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Suppose you have a fair die with 10 sides with numbers from 1 to 10. You roll the die and take the sum until the sum is greater than 100. What is the expected value of this sum?

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Computer simulation suggests the answer is around $104$. –  NotNotLogical May 16 '14 at 21:17
Thanks, I was looking for an analytical solution –  neticin May 16 '14 at 21:44
What about an n-sided die? –  Joao May 18 '14 at 5:23

4 Answers 4

up vote 14 down vote accepted

Well, you can make numbers from 1 to 110, that's 110 possible states you can be in. That's a large transition matrix, but not intractable. Define transition matrix $M$ as:

$$\begin{align} M_{i,j} = \begin{cases} \frac{1}{10} & \text{ if } 1 \le j - i \le 10 \text{ and } 1 \le i \le 100 \\ 1 & \text{ if } i = j\text{ and } 100 < i \le 110 \\ 0 & \text{ otherwise} \end{cases} \end{align}$$

Define the initial state vector: $$\begin{align} V_{j} = \begin{cases} \frac{1}{10} & \text{ if } 1 \le j \le 10 \\ 0 & \text{ otherwise} \end{cases} \end{align}$$

This matrix compute the probability that you end up in state $j$. I won't wrote out the whole thing here. The steady state $S$ is given by:

$$S = VM^{\infty}$$

I don't recommend doing this by hand.

Anyway, you get the following probabilities:

$$\begin{array} {c|c} \text{End State} & \text{Probability} \\ \hline 101 & \frac{{ 14545454540916238222253308031039403263876427137099 \atop 728738149747953197899302063661139633020606426446001 }}{10^{101}} \\ \hline 102 & \frac{{ 18181818143103207886299794518678653455112915813572 \atop 471568730433172695421560362344285718841548526446001 }}{10^{101}} \\ \hline 103 & \frac{{ 16363636337149401877562367260240328253764897737948 \atop 745622241485421850822156839220501392260147526446001 }}{10^{101}} \\ \hline 104 & \frac{{ 12727272741576429962125352735631301525861758140731 \atop 984148880861015973102098820410322797857111216446001 }}{10^{101}} \\ \hline 105 & \frac{{ 10909090931874858870242133363925460156752233410373 \atop 601637391699278967219484863685353489177266485446001 }}{10^{101}} \\ \hline 106 & \frac{{ 90909091116377120481295620461022602720063194921283 \atop 52571281564919296780386873223909380629437281346001 }}{10^{101}} \\ \hline 107 & \frac{{ 72727272852713068490158133017227152668140086810036 \atop 91839439446721479480174650845945205326825156836001 }}{10^{101}} \\ \hline 108 & \frac{{ 54545454582842347527531906998645390126303113111522 \atop 24370063982379262253640845972771391003951819875001 }}{10^{101}} \\ \hline 109 & \frac{{ 36363636346255163502142715869656509893927302281916 \atop 05910755643757924951410231819125651609791149217901 }}{10^{101}} \\ \hline 110 & \frac{{ 18181818155610931814042064558296878037883980477975 \atop 93593065135379352069784448816645340273314411495091 }}{10^{101}} \\ \hline \end{array}$$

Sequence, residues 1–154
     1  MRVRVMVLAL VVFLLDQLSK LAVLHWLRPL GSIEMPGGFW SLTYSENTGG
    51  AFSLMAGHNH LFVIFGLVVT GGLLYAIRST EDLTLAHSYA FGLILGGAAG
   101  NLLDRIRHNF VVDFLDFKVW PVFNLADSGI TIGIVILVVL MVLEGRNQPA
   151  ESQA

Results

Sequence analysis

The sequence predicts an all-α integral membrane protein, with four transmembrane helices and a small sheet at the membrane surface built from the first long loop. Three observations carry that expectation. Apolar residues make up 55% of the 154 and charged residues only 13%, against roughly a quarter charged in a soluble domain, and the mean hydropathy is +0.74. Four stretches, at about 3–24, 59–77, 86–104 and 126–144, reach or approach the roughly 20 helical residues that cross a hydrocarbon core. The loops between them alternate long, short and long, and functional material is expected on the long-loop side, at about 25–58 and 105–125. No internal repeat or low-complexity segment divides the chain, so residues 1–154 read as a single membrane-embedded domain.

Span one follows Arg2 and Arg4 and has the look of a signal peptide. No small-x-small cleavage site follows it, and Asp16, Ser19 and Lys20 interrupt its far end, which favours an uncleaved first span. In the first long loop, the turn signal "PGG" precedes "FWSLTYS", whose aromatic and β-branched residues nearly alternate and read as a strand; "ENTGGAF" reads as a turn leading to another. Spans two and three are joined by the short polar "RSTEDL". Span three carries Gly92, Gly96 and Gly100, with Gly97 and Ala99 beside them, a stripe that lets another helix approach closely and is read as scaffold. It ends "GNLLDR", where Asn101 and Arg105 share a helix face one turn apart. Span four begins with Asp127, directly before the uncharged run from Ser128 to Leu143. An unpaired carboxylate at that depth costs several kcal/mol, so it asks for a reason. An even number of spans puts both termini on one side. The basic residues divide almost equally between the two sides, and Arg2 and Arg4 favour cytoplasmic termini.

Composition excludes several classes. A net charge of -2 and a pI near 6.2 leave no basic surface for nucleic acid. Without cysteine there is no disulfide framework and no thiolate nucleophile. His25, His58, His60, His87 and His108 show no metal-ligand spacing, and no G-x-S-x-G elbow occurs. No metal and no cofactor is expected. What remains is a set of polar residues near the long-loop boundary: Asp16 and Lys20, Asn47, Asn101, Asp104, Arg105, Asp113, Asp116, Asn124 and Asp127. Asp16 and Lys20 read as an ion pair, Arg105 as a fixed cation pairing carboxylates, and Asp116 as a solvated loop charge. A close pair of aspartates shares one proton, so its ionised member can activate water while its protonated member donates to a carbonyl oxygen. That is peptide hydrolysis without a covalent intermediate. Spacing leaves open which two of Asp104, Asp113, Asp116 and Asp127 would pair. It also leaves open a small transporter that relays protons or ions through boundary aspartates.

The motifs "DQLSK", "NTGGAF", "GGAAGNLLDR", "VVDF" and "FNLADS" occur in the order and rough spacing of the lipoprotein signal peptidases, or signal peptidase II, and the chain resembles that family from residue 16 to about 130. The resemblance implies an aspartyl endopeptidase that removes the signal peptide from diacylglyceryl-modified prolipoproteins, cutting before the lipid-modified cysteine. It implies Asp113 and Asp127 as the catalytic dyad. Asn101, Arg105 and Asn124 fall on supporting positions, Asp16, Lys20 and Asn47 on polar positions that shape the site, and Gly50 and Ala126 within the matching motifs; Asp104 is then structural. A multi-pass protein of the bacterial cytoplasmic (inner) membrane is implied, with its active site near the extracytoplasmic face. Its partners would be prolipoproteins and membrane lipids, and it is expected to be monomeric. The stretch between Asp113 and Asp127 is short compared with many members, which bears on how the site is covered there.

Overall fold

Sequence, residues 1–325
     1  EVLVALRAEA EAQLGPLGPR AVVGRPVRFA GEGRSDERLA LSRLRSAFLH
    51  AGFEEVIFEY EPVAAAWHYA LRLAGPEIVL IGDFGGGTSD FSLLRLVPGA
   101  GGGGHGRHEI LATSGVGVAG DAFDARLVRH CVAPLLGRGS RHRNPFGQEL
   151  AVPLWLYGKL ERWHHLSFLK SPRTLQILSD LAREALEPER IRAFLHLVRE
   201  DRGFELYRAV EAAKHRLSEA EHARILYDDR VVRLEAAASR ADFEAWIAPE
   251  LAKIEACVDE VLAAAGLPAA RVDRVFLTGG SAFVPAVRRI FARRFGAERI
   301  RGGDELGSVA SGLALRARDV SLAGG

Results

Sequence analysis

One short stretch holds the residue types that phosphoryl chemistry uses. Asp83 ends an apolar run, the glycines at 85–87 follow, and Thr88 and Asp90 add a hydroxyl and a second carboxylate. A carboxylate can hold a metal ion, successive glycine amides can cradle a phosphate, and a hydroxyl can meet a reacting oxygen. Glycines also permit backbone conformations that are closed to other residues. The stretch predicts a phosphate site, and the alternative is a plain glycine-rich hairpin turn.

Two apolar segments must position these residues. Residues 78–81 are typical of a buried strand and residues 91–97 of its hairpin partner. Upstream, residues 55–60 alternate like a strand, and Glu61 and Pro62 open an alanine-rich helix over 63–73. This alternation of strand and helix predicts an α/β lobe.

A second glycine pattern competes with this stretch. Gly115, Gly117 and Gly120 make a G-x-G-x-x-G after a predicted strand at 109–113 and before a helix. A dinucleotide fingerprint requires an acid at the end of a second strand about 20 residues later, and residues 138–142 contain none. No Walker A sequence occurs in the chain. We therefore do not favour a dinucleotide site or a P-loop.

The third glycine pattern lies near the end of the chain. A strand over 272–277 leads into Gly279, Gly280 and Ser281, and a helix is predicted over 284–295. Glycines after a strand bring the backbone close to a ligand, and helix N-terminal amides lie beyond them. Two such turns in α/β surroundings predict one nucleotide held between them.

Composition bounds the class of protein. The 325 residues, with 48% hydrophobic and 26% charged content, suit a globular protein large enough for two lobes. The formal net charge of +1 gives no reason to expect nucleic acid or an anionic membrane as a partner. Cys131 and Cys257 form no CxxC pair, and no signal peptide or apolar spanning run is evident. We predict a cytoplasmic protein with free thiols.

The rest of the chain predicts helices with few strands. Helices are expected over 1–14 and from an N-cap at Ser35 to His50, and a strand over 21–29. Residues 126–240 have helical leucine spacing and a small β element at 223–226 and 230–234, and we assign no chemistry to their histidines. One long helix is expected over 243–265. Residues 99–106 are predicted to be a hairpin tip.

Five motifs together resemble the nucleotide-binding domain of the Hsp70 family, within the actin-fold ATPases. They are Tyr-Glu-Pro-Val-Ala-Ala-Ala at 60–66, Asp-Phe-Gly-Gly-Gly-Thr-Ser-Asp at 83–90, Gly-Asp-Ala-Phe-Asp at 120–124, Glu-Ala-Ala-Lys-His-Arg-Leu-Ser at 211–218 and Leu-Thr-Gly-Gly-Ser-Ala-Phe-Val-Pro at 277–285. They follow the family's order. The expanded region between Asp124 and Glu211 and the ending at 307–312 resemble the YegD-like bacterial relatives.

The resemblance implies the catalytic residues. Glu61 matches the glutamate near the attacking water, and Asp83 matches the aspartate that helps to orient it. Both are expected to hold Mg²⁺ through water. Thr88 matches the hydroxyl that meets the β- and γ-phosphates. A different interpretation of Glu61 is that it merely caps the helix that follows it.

Expected state is calculated as always, and the final answer is :

$$\sum_{k=100}^{109} k\cdot S_{j,k} = \frac{{ 2080000000053214123545556126144601328836935442611255 \atop 847240374822309959920561393884518831211143790906011 }}{2\cdot10^{100}}$$

which is almost exactly $104$ (to eight decimal places).

EDIT-- Corrected post, originally answered the question "at least 100" rather than "more than 100".

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@user147263 Thanks for your attention. I did consider writing the table like you suggested before I submitted the answer, but chose not to for 3 reasons: (1) The poster asked for an analytical answer, if a decimal approximation was good enough then so would a computer simulation and (2) The actual value of the numbers is fairly insignificant, but I think the size is kinda funny (3) to show it is possible to solve without approximation. This is my joking way of saying "well you asked for an exact answer". Although, I ideally, I'd like to put latex inside scrollbars, if that were possible. –  DanielV May 18 '14 at 0:46
Exact numbers are possible to post without the need for the horrendous page bleed. I think that is what @user147263 is implying here. No one is suggesting that you write approximations. We respect your work. –  J. W. Perry May 18 '14 at 2:20